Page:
17276672462_7b04d5b6fc_zSpring almost always motivates me to pen a new poem. Hope you’re blessed today with my latest!

Fresh from God

Spring bursts with life
fresh from God
tiptoeing in as winter retreats,
surprising with love gifts
wrapped in newness,
delighting our winter-worn hearts.
Spring’s colors splash,
look new, feel fresh,
her songs capture our attention
with the calls and melodies of birds
back from their southern sabbatical.
Ah, spring—so fresh from God.

More fresh-from-God gifts spring to mind
more love gifts wrapped in newness,
romance blooms, life partners given,
babies are born, tiny kisses from heaven,
two become three—or four or more—
new day, new year,
new strength, new plans,
new mercies every morning.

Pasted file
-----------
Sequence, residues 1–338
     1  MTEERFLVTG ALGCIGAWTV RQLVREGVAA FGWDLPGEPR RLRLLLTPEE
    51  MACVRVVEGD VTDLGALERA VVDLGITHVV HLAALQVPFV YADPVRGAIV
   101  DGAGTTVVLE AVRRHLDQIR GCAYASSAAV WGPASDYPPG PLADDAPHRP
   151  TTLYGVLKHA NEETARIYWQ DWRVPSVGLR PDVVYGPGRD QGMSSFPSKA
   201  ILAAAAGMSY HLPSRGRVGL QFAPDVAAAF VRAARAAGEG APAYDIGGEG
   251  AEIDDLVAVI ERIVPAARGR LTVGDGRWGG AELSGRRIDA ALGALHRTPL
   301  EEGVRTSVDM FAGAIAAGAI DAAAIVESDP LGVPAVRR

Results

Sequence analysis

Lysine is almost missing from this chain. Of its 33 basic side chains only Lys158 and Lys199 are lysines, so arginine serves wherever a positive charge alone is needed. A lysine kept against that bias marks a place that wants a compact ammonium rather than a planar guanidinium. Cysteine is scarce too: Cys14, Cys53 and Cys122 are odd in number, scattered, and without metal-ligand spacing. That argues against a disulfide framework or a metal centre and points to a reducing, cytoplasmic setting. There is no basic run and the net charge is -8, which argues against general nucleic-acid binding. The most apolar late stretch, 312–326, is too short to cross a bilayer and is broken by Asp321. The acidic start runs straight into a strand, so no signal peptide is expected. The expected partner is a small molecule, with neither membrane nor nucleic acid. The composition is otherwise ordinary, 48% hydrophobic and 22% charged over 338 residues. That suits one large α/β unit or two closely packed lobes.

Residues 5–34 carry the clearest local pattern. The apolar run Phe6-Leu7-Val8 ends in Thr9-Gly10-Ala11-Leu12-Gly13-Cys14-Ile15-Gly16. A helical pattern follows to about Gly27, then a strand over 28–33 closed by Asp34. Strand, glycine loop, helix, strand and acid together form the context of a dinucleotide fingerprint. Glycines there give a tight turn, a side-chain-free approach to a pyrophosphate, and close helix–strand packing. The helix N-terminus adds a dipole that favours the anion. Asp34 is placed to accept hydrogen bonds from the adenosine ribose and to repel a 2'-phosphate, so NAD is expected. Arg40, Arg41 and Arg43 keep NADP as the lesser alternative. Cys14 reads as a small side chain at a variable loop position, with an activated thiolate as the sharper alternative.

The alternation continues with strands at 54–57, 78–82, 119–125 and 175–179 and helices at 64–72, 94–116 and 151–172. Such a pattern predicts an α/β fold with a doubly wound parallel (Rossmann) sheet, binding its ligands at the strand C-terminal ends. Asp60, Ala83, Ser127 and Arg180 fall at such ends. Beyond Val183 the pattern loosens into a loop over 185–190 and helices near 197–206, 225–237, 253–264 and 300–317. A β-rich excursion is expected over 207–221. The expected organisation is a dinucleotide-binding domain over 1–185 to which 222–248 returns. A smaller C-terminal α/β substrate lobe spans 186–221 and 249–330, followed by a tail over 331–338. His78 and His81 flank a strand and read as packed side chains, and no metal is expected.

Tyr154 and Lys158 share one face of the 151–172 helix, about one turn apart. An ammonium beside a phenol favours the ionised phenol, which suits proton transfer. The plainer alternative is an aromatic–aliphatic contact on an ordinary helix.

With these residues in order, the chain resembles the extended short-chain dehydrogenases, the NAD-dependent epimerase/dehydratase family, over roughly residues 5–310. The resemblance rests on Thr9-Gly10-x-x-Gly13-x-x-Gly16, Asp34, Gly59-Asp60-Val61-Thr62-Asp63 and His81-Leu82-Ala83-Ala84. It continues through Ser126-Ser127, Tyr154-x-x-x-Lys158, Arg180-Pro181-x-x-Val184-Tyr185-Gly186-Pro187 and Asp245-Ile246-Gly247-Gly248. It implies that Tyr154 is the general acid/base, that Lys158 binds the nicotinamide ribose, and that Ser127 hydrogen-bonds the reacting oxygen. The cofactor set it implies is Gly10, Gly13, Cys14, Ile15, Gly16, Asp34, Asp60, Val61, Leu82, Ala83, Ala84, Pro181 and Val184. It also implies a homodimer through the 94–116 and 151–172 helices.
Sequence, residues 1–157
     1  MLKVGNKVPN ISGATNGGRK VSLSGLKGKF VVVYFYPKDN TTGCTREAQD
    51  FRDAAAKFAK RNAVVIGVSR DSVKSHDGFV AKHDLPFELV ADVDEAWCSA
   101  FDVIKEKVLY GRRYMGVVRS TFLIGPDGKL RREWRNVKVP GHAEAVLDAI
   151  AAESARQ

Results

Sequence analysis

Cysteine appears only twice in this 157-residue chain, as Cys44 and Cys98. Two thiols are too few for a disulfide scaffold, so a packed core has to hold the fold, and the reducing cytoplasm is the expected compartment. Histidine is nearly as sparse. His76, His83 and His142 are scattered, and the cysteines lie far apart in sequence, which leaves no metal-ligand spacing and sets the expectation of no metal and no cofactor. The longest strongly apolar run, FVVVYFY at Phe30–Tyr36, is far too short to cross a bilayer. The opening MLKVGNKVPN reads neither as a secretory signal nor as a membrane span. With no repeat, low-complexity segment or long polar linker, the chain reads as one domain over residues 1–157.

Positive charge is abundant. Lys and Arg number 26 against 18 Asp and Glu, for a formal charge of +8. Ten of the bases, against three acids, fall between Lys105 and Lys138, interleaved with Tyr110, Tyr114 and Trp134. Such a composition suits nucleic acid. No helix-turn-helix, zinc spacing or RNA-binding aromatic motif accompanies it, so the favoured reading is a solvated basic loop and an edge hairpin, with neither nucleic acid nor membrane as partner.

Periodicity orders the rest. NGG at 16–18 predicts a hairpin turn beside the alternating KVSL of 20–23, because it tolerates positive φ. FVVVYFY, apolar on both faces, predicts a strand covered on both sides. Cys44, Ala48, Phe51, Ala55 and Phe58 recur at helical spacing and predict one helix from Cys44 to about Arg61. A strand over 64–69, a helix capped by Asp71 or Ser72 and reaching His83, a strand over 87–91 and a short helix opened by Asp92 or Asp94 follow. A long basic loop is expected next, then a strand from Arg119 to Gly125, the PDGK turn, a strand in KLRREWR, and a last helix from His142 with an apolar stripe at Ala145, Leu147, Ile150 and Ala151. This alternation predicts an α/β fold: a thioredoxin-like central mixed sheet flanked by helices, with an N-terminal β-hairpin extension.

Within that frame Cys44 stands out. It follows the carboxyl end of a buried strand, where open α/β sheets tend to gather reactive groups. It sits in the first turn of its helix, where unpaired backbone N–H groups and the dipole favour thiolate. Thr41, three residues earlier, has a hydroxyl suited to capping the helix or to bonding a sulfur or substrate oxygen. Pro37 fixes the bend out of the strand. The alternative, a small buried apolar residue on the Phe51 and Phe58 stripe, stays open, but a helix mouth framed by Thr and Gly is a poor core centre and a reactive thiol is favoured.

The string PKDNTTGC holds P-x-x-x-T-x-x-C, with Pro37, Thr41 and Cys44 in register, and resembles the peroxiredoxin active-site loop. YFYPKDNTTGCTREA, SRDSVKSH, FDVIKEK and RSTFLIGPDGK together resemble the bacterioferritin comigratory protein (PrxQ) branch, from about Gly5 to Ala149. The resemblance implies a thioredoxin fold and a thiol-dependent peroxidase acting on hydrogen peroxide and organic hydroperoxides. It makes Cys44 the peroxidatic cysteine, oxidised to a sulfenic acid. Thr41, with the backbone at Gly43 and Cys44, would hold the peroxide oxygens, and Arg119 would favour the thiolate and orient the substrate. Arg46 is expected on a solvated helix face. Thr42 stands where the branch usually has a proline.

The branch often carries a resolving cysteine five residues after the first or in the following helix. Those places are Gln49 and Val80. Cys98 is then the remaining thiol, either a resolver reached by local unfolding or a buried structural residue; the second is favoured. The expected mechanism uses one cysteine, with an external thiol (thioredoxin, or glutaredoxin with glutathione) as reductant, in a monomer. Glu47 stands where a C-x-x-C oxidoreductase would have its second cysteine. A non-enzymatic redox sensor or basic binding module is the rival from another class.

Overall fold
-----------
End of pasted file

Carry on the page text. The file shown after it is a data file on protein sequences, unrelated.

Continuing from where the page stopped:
New life in Christ
new home in heaven,
the gifts of God, fresh from him,
ever fresh with life.
Ah life—so fresh from God.

“Every good and perfect gift is from above, coming down from the Father of the heavenly lights, who does not change like shifting shadows.” James 1:17 NIV

*What fresh-from-God gift are you rejoicing in today?

The next issue of Life Notes, my quarterly inspirational newsletter, comes out in early May. One lucky subscriber (new or current) will receive a gift valued at $20 (shipping included) from Beigetone Soaps and a signed copy of my book to use personally, give as a gift, or donate to a library. Sign-up is free and to the right!

*Flickr photo by SteveRish, Creative Commons License

One Way to Pray Against Our Spiritual Enemy

2172772997_4d1ae0c7e1“‘A farmer went out to sow his seed . . . The seed is the word of God. Those along the path are the ones who hear, and then the devil comes and takes away the word from their hearts, so that they may not believe and be saved.’” Luke 8:5, 11-12 NIV (see also Matthew 13:19)

The enemy of our souls—that old serpent the devil—is a liar, a thief, and a con-artist who even at times masquerades as an angel of light. He employs whatever tactic it takes to defeat and discourage the children of God and to also keep unbelievers in darkness and chains.